Nova Scotia to see highest minimum wage increase in 10 years

Will also eliminate inexperienced rate, partial hour rule

Nova Scotia to see highest minimum wage increase in 10 years
Agricola Street in Halifax.

Nova Scotia is increasing its minimum wage to $12.55 per hour, up by $1 from the minimum wage in 2019. This is the highest increase in the province since 2010, when the rate jumped to $9.65 per hour from $8.60 the previous year.

The increase puts Nova Scotia’s minimum wage closer to the $15 minimum wage in Alberta, the highest in Canada. The new rule will take effect on April 1.

Quebec, Prince Edward Island and British Columbia are also set to up minimum wages for workers this year.

Nova Scotia is also eliminating the inexperienced minimum wage that allows employers to pay an inexperienced rate when an employee has less than three months’ experience in the kind of work they do, and has worked for the company for less than three months. This will bring Nova Scotia in line with all other provinces and territories across Canada.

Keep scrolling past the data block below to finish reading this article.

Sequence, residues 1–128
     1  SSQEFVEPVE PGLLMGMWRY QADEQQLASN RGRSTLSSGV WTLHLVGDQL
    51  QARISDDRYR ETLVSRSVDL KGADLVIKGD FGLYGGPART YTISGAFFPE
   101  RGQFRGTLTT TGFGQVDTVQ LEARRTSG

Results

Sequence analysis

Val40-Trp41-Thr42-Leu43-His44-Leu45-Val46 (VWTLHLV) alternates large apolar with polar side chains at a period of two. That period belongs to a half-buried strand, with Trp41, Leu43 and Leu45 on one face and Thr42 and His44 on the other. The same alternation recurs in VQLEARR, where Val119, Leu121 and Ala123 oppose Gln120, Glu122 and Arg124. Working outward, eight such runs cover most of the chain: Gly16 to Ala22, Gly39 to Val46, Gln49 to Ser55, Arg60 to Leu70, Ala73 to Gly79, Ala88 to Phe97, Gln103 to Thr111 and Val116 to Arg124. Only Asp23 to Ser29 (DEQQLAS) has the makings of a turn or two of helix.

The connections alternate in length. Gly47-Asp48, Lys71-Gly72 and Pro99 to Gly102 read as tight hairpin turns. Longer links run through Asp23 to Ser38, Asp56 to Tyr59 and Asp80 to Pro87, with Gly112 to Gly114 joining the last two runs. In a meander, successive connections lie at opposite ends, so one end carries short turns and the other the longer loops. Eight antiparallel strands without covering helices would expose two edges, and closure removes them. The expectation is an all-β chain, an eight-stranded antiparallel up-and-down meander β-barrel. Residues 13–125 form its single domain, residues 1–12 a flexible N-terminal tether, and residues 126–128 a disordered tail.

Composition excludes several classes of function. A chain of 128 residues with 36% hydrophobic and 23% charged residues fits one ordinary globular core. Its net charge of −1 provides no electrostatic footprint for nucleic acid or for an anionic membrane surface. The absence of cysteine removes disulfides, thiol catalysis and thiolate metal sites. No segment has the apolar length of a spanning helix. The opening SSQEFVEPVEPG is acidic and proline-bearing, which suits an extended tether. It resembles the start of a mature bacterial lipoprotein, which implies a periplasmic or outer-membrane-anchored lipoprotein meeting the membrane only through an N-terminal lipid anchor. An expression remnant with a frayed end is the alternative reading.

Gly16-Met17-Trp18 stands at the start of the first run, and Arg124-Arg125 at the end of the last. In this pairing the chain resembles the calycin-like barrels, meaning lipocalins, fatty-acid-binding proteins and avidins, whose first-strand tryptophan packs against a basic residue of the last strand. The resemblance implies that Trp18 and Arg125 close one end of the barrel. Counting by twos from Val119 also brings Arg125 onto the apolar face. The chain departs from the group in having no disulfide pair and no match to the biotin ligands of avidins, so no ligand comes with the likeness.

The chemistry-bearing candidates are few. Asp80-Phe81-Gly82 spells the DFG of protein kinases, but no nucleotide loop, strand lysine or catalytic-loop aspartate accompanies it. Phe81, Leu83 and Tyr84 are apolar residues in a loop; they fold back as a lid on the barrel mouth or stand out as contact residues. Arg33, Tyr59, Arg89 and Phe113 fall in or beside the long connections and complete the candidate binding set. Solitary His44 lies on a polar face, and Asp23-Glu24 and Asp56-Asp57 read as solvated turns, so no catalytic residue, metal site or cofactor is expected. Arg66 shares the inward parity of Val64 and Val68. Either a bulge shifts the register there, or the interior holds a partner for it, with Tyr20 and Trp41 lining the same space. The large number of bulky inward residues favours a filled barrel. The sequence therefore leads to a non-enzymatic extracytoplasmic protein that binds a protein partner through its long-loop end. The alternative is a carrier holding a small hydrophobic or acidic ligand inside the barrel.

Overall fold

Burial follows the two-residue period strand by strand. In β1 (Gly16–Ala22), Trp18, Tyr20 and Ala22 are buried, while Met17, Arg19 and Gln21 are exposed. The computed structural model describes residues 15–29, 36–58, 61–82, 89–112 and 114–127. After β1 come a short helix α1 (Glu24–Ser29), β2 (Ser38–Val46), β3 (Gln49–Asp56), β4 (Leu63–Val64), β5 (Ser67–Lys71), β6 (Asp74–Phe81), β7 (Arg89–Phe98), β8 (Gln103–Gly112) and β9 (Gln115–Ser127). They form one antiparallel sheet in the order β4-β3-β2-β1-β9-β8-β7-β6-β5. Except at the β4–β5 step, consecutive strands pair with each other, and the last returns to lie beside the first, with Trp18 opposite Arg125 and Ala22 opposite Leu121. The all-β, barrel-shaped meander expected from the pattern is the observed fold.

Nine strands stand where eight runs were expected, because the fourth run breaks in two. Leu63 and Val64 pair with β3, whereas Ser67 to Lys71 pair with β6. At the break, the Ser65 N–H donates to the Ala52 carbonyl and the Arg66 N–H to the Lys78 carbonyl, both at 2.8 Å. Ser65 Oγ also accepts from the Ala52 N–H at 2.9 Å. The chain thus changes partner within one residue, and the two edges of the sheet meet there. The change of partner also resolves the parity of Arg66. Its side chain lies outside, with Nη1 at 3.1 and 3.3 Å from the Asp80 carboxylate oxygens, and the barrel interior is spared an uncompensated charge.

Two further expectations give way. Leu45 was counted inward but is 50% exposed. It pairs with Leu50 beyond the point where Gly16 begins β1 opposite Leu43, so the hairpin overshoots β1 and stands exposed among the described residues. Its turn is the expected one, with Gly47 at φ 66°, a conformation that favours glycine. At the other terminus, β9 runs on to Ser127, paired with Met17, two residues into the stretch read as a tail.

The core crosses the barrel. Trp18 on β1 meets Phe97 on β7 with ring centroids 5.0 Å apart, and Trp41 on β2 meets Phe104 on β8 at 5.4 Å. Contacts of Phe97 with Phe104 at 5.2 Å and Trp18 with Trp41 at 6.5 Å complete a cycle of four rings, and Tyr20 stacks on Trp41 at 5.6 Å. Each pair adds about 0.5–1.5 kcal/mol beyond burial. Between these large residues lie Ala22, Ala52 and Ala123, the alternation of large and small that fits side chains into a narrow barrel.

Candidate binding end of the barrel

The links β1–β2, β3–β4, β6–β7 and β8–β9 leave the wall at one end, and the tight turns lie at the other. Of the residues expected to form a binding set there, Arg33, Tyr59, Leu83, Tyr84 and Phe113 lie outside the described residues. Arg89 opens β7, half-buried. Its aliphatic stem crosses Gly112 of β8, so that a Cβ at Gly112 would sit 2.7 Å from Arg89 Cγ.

“All Nova Scotians should benefit from our province’s economic growth and steadily improving business environment,” says Premier Stephen McNeil. “We are committed to moving forward in a balanced way by making changes that benefit both workers and businesses.”

Nova Scotia is also eliminating the partial hour rule that requires employers to round up time worked for minimum wage earners. Under the rule, employers must pay minimum wage earners a salary for half an hour if the employee works between 15 to 30 minutes, and for a full hour if the employee works for 31 to 60 minutes.

Nova Scotia recorded a higher number of approved 2,780 immigration applications in 2019, up 21 per cent over 2018 and more than 300 per cent from 2013.

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